For some political candidates, a $300,000 haul is a cycle-long achievement. For Republican government relations specialist Kevin Marino Cabrera, it was just three weeks’ work.
Since the Aug. 23 Primary Election, Cabrera has raised $110,000 through his campaign account and another $198,000 through his political committee, Dade First PC, to further fund his bid for the District 6 seat on the Miami-Dade County Commission.
A disproportionate chunk of Cabrera’s fundraising came from real estate businesses in Miami-Dade.
His three-week gains are significantly more than that of his runoff opponent, Republican Coral Gables Commissioner Jorge Fors. Fors reported accepting less than $11,000 through his campaign account and $29,000 through his political committee, NextGen Florida Leadership.
Cabrera’s commanding edge in recent fundraising bolsters relatively strong support he received in the election last month, when he took 43% of the vote compared to 26% for Fors, 18% for Democratic Miami Springs Councilman Victor Vazquez and 13% for Republican entrepreneur Dariel Fernandez.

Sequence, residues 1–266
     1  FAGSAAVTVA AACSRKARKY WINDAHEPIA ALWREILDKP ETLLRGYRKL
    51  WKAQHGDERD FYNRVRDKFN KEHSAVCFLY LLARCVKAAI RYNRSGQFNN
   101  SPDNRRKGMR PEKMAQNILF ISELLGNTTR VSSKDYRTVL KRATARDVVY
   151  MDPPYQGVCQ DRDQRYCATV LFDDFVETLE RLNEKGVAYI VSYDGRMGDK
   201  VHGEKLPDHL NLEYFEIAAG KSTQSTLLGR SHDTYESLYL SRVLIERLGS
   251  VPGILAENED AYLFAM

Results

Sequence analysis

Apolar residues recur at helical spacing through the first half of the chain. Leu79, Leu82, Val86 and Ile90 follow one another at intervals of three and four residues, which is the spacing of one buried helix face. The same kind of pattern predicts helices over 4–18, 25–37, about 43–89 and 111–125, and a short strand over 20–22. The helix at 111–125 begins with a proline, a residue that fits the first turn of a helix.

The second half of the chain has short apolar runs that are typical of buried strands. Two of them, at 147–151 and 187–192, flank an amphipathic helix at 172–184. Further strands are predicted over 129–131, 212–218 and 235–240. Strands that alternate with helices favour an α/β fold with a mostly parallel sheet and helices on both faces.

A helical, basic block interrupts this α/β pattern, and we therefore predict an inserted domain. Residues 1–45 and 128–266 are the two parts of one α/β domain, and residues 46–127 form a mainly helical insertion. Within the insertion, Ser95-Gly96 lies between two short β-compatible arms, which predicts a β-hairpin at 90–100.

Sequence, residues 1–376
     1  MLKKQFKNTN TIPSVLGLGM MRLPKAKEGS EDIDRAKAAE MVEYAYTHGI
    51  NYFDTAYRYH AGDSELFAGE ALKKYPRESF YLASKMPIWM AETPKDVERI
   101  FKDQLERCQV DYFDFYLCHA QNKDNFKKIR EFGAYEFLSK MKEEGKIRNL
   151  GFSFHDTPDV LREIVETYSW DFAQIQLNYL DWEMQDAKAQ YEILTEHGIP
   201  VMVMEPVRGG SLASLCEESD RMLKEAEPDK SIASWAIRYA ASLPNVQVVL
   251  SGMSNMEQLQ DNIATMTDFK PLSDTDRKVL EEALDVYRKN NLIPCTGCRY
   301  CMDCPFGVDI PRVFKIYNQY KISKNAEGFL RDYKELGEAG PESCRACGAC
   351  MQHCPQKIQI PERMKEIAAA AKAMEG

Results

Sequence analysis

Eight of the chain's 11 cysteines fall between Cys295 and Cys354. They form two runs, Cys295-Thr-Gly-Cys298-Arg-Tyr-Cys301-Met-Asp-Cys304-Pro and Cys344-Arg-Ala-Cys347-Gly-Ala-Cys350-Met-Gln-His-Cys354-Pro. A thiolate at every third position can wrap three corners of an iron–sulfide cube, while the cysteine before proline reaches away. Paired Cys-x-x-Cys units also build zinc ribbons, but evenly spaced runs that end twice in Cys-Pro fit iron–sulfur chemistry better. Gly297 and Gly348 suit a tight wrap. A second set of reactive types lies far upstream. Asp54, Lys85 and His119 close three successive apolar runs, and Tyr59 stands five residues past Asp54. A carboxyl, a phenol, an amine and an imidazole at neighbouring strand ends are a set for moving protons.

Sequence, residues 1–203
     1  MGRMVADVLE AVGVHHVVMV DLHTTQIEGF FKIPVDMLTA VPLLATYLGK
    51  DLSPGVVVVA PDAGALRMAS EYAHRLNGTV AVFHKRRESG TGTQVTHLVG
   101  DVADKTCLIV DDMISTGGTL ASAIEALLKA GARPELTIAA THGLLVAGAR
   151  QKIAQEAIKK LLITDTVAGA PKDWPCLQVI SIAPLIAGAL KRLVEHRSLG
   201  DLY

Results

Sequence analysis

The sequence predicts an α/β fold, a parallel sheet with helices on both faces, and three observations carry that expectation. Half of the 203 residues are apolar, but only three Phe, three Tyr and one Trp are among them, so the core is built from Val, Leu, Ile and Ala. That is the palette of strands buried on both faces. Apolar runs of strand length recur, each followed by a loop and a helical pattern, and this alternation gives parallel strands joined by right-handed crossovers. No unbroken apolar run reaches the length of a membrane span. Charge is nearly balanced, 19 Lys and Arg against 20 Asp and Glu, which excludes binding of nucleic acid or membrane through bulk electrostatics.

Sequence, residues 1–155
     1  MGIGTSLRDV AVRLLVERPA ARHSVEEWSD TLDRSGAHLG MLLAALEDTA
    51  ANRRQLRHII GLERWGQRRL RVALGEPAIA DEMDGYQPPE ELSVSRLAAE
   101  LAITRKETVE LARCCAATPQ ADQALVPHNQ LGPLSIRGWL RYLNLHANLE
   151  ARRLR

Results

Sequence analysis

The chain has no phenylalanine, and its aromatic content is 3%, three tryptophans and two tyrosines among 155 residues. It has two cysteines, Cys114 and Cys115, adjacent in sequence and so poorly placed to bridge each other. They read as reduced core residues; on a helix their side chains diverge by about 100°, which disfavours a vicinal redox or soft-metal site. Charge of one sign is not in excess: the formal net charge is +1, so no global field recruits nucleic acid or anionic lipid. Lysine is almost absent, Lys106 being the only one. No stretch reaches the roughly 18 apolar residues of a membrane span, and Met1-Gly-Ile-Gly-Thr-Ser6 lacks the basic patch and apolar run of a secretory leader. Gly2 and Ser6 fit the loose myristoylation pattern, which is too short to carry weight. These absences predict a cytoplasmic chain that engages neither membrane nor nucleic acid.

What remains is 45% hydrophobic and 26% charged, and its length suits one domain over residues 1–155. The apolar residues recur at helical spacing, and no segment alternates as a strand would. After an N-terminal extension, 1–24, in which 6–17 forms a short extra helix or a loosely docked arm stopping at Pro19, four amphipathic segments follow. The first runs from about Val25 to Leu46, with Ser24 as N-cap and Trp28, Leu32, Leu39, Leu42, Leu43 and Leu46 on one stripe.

Miami-Dade law requires a County Commission candidate to receive more than half the votes cast during the technically nonpartisan Primary contest to win office.
In a statement, Cabrera thanked his supporters, friends and neighbors “for their continued support and generosity” and vowed that this campaign will “continue knocking on doors delivering our Residents First message over the coming eight weeks.”
Cabrera and Fors are competing to succeed term-limited Miami-Dade Commissioner Rebeca Sosa, who has served District 6 uninterrupted since 2001.
District 6 covers a north-central portion of Miami-Dade, including part or all of the cities of Coral Gables, Hialeah, Miami, Miami Springs, Virginia Gardens and West Miami. The district also contains Miami International Airport, one of the county’s top two economic engines, and a Miami golf course being redeveloped as a soccer stadium complex for the city’s Major League Soccer Team.